During winter, average daily temperatures range from the high-60s to the mid-70s with overnight lows rarely dipping below freezing. No matter what time of year you visit, it’s not a bad idea to always pack some warm clothing in case a freak storm occurs.
Make Sure Your Vehicle is Ready for Dirt Road Travel
Death Valley National Park has more miles of roads than any other U.S. national park. Paved roads criss-cross throughout the park and provide access to many of the park’s most well-known landmarks. But to really get a taste of how remote and wild this park is, you’ll want to explore beyond the pavement.
There’s a wide variety of dirt roads to choose from and several can be safely navigated with a regular passenger car. Death Valley also has a huge network of rough and rocky dirt roads that can only be safely traveled with a high-clearance 4WD vehicle. If you find yourself drawn to the remote backcountry roads but don’t have a suitable vehicle, there’s a jeep rental place right across from the Furnace Creek Visitor Center, as well as guided jeep tours if you don’t feel like driving yourself.
Start Your Day With a Full Tank of Gas
You’ll want to make sure your fuel is topped off regardless if you’re sticking to the pavement or hitting some wild and rocky backcountry roads. The park is huge and there are lots of empty space between sights. You don’t want to take any chances, especially during the squelching hot summer months.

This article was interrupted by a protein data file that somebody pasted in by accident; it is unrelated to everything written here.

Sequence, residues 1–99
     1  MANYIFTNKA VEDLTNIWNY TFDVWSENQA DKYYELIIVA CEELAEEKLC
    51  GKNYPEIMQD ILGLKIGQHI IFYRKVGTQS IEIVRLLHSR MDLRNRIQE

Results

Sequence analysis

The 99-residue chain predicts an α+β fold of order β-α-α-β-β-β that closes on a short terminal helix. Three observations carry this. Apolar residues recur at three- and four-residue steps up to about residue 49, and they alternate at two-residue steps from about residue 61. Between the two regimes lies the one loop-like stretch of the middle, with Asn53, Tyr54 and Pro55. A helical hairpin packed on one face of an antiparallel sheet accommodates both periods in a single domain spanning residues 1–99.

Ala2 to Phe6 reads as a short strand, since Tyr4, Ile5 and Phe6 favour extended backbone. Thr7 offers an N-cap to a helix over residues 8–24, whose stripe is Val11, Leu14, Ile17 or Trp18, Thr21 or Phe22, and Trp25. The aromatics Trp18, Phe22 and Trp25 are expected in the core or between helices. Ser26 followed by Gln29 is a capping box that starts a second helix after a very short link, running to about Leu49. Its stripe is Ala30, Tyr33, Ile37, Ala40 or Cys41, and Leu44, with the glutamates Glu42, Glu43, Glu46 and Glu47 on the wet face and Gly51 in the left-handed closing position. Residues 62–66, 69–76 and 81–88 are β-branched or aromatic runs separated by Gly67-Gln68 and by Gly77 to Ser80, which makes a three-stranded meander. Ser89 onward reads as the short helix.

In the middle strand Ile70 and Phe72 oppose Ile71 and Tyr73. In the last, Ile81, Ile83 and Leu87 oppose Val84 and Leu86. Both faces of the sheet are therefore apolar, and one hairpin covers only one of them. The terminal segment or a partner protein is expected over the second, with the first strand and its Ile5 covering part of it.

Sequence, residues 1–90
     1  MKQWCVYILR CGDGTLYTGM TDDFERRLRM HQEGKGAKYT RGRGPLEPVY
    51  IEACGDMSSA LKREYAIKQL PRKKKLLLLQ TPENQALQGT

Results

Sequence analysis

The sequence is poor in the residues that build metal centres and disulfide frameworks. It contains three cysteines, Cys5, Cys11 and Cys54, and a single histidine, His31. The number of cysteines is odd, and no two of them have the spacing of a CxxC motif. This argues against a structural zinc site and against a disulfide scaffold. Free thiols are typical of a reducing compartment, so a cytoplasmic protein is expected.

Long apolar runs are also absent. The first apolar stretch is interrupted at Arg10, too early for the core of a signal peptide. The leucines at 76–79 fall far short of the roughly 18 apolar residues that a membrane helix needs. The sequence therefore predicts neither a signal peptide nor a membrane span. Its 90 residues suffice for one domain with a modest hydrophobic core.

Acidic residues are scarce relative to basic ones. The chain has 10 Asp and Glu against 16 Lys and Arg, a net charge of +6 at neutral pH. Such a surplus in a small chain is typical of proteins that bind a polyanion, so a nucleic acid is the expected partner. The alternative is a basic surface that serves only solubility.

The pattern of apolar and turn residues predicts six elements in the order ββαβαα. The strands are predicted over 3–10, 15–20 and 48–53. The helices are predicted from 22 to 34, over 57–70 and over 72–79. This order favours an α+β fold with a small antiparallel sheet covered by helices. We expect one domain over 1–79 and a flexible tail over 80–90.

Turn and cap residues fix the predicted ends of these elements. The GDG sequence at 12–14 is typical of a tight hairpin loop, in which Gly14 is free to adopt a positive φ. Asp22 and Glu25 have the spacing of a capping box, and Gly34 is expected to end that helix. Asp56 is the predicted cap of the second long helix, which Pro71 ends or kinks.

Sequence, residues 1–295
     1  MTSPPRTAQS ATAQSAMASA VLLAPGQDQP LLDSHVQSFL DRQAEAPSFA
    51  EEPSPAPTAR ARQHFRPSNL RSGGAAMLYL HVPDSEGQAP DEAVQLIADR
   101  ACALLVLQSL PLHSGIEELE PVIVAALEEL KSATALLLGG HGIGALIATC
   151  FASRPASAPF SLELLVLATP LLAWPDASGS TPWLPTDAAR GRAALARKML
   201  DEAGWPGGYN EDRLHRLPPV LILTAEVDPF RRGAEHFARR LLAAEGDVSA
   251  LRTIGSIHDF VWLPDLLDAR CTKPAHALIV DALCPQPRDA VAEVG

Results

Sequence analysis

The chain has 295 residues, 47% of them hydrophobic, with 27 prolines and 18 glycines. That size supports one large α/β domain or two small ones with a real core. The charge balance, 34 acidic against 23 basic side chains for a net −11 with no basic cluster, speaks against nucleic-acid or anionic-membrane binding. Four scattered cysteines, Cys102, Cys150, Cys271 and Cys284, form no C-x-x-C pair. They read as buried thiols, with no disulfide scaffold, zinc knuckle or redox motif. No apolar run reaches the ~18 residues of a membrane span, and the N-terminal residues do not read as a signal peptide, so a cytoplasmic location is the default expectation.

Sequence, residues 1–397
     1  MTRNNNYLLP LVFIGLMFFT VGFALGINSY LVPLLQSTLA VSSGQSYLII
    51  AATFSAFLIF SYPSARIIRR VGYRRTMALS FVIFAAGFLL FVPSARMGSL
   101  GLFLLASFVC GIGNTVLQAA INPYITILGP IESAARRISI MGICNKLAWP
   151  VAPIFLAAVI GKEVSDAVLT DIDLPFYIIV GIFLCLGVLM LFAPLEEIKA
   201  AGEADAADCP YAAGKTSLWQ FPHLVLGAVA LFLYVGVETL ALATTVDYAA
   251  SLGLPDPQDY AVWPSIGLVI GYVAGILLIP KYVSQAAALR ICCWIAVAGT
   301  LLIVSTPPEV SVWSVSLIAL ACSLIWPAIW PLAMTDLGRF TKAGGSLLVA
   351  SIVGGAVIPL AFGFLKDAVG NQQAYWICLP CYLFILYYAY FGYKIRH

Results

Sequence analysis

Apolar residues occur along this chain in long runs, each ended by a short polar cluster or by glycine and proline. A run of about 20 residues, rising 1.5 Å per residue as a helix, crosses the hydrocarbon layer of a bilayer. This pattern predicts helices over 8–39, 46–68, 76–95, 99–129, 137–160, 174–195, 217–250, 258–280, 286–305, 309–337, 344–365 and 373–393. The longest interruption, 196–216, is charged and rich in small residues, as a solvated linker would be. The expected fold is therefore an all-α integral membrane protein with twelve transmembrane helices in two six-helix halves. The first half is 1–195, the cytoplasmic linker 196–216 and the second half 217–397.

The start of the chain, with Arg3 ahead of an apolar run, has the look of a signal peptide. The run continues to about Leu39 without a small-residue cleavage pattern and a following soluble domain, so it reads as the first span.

Always make sure to have extra water in your car and more food than you think you’ll need. If you’re venturing beyond the pavement, you’ll want to make sure your car is in good working order and that you check your spare tire before heading out. Flats can definitely happen on the rocky 4×4 roads and you can’t count on cell service in most of the park. GPS devices tend to be unreliable in the remote backcountry so always have paper maps on hand.
Don’t Miss the Quirky Sights Outside the Park
Some of my favorite Death Valley area sights are located just outside the park boundaries. The Amargosa Opera House is located in the tiny town of Death Valley Junction just outside the eastern entrance to the park. Marta Becket, a New York artist and dancer who was touring the country as part of a one-woman show, discovered the abandoned theatre while waiting for her tire to be fixed at a nearby gas station in the late 1960s and strangely fell in love with the place.
Becket spent years restoring the theatre, covering nearly every inch of it with elaborate murals, and then began performing her own shows, at first, with no audience before an article in Life Magazine propelled the theatre to international fame. Becket passed away in 2017, but you can still tour the opera house and catch a show inspired by Marta’s legacy.
If you like ghost towns, Rhyolite is not to be missed. This well-preserved ghost town is located just outside Beatty, Nevada. There are also plenty of strange works of art strewn across the ghost town including a giant LEGO-like statue of a woman and an eerie rendition of The Last Supper with ghost-like figures that are fun to photograph.
READ MORE: How To Buy a U.S. National Parks Pass